(10:30 a.m. GMT) -- Sterling hit a 31-month high the week beginning December 9, with the pound worth 1.1913 against the euro, meaning cruise passengers who buy the European currency now are likely to get more for their money than at any time since mid-April 2017.
The pound is also performing well against the dollar. But should cruisers hold out for an even better deal?
One of the many great reasons for taking a cruise is that passengers don’t need to carry a lot of cash, if any. However, some local currency comes in handy at ports, for excursion spends, souvenirs or taxi fares.
Some outlets won’t accept card payments or will charge a fee for small purchases paid by card. Holidaymakers who’ve booked a few extra days for a pre- or post-cruise land-based stay will certainly need some cash.
This means that, unless you’re cruising around the UK, you’ll need to exchange currency -- and as we all know, a ‘good’ or ‘bad’ exchange rate at the time can make a big difference to how far your pounds go.
Exchange rates also affect on-board prices of extras such as bar bills, spa treatments, speciality restaurant fees and money changed for casino chips on cruise lines that deal in other currencies, such as MSC Cruises, Costa, Celestyal Cruises and other European lines that use euros; or lines such as Royal Caribbean, Celebrity and Princess Cruises, which use U.S. dollars.
What’s more, brochure prices for a handful of cruise lines are set in a different currency to the pound and in this instance, a favourable exchange rate at the time of booking could see the actual price of the itinerary come down quite substantially.
No-one can be 100% sure of the best time to change money, but with a little foresight, you can make your forex go further.
When sterling is high against the currency you want to buy, you get more for your money. The amount of currency you will get depends on the interbank exchange rate at the time of purchase.
So, to get the best deal, you need to buy your currency at a rate as close to the interbank rate as possible. Generally, that means not buying last-minute currency at ports, airports or on board the ship. Do some research, book ahead and watch the market. It’s easy these days to keep an eye on exchange rates by signing up to an online rate alert system.
How Has the Pound Performed This Year?
Peter Lavelle at foreign exchange specialist Pure FX, said: “The pound has strengthened against its two biggest currency counterparts, the euro and the US dollar this year. To be specific, the sterling vs euro interbank exchange rate began 2019 at 1.1087, and, as of December 10, stood at 1.19. That’s a gain of over eight cents, or 7.33%, as well as close to a 31-month high.
The pound-to-US dollar interbank exchange rate has also risen to date this year, although more modestly. British sterling was 1.3206 against the US dollar on the interbank market on December 10, up from 1.2737 on January 1 2019 – a gain of over 4.5 cents.”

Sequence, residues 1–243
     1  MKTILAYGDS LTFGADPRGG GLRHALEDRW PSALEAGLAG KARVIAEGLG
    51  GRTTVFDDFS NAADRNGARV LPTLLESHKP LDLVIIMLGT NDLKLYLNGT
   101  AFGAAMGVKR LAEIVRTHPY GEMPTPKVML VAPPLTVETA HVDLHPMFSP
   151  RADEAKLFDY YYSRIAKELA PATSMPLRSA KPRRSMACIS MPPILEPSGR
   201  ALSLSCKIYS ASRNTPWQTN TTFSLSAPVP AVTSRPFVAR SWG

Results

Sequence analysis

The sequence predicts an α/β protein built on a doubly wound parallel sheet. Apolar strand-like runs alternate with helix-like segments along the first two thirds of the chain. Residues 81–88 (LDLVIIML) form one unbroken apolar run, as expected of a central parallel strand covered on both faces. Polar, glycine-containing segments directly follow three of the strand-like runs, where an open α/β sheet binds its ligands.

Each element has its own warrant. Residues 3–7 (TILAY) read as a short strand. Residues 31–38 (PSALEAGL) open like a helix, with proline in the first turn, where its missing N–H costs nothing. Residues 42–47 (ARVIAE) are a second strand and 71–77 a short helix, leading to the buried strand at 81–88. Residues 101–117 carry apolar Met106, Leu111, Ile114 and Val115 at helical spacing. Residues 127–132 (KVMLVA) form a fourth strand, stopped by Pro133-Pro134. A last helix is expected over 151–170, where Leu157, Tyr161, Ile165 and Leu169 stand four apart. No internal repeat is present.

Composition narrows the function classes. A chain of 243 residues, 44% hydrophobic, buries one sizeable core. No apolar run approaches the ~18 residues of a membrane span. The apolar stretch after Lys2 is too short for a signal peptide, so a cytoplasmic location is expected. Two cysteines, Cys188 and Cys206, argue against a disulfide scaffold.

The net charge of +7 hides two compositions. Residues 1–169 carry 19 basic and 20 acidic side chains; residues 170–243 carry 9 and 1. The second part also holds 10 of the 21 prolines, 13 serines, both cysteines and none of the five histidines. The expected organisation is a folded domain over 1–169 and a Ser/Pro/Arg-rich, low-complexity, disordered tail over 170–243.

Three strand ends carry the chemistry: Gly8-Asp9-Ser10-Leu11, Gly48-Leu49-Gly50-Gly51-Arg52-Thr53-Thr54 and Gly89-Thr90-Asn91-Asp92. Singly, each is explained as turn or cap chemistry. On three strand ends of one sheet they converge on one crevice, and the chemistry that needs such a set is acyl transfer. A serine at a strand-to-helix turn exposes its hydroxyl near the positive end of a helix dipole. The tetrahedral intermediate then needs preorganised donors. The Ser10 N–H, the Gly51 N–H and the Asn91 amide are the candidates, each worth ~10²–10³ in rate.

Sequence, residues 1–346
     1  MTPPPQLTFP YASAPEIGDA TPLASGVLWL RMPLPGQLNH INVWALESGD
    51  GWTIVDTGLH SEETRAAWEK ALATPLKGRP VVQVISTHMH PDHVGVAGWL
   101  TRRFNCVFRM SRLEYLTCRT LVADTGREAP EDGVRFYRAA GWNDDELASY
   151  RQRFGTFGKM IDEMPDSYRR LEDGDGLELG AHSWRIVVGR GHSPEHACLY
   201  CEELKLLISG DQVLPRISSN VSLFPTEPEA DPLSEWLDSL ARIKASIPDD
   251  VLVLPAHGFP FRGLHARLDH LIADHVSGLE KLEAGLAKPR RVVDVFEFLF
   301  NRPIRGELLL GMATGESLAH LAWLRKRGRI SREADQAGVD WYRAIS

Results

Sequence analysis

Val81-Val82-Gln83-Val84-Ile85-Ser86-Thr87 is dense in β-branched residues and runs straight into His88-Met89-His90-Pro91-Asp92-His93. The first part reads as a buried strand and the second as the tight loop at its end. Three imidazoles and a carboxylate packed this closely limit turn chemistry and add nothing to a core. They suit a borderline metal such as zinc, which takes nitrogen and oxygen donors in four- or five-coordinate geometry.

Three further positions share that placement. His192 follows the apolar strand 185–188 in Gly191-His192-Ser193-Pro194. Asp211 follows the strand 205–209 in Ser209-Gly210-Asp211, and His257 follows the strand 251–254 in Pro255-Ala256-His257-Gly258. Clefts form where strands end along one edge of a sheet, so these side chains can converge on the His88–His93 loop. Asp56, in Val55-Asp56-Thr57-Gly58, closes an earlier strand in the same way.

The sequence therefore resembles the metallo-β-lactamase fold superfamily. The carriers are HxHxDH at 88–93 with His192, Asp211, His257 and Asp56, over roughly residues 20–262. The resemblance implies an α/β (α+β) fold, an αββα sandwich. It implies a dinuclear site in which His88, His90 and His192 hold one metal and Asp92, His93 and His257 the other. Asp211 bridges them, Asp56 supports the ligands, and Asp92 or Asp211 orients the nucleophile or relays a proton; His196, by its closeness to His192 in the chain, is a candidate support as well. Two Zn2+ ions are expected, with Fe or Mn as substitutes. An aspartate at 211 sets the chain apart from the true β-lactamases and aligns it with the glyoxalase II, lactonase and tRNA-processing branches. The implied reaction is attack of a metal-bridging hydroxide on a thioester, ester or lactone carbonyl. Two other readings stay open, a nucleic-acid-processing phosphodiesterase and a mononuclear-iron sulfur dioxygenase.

In other words -- a couple of onboard spa treatments totalling €100 could work out about £4 or £5 cheaper now than in the summer of 2017.
How Will the UK Election Affect the Exchange Rate?
"At present, the sterling v euro interbank exchange rate is at a 31-month high, because the financial markets think that, if there's a stable, majority UK government after the December 12 general election, this will contribute to the UK's political and economic stability. In turn, this would lift the UK’s economic growth, which may influence the pound," Lavelle says.
Generally, stable government results in a rise in sterling; uncertainty means a fall.
The markets don’t like the idea of a hung parliament and, if there’s a Labour government -- which means going back to the drawing board on EU exit negotiations -- they expect the pound to fall. As would a coalition government.
So, with the pound at a high, cruisers looking to exchange money will get a good rate at the moment. But could the pound perform even better? And for anyone heading off on a winter cruise or looking to book something for next year, should they buy currency now or hang on?
Rob Stross, CMO of peer-to-peer travel money provider WeSwap, said: "We’d recommend doing some research, seeing when the pound was last this strong and keeping an eye on upcoming political events. Remember, the FX market likes stability.
"If you can’t bring yourself to exchange all your money at once, consider exchanging half your money now and half if the pound strengthens even more or starts to weaken.
"Above all, avoid buying your holiday money last minute. Bureaux de change at airports, train stations or ports nearly always offer awful rates. Despite advertising 0 percent commission, they often mark up their exchange rate to include fees of anything up to 13 percent, knowing holidaymakers have no choice but to accept."